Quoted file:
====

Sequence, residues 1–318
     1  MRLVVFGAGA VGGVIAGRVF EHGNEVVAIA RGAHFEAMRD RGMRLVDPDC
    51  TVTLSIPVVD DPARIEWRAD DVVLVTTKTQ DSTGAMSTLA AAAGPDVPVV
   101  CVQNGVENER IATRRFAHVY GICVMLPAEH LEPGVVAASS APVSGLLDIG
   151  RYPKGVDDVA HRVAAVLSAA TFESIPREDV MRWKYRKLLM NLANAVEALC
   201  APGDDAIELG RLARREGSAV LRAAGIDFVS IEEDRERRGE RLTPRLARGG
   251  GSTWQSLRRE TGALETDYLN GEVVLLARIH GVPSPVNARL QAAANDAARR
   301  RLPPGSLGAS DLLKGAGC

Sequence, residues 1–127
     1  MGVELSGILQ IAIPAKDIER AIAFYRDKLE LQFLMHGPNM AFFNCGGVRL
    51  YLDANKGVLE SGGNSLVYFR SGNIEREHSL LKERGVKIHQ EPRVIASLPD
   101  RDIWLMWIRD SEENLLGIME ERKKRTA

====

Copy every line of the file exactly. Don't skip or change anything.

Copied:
Sequence, residues 1–318
     1  MRLVVFGAGA VGGVIAGRVF EHGNEVVAIA RGAHFEAMRD RGMRLVDPDC
    51  TVTLSIPVVD DPARIEWRAD DVVLVTTKTQ DSTGAMSTLA AAAGPDVPVV
   101  CVQNGVENER IATRRFAHVY GICVMLPAEH LEPGVVAASS APVSGLLDIG
   151  RYPKGVDDVA HRVAAVLSAA TFESIPREDV MRWKYRKLLM NLANAVEALC
   201  APGDDAIELG RLARREGSAV LRAAGIDFVS IEEDRERRGE RLTPRLARGG
   251  GSTWQSLRRE TGALETDYLN GEVVLLARIH GVPSPVNARL QAAANDAARR
   301  RLPPGSLGAS DLLKGAGC

Sequence, residues 1–127
     1  MGVELSGILQ IAIPAKDIER AIAFYRDKLE LQFLMHGPNM AFFNCGGVRL
    51  YLDANKGVLE SGGNSLVYFR SGNIEREHSL LKERGVKIHQ EPRVIASLPD
   101  RDIWLMWIRD SEENLLGIME ERKKRTA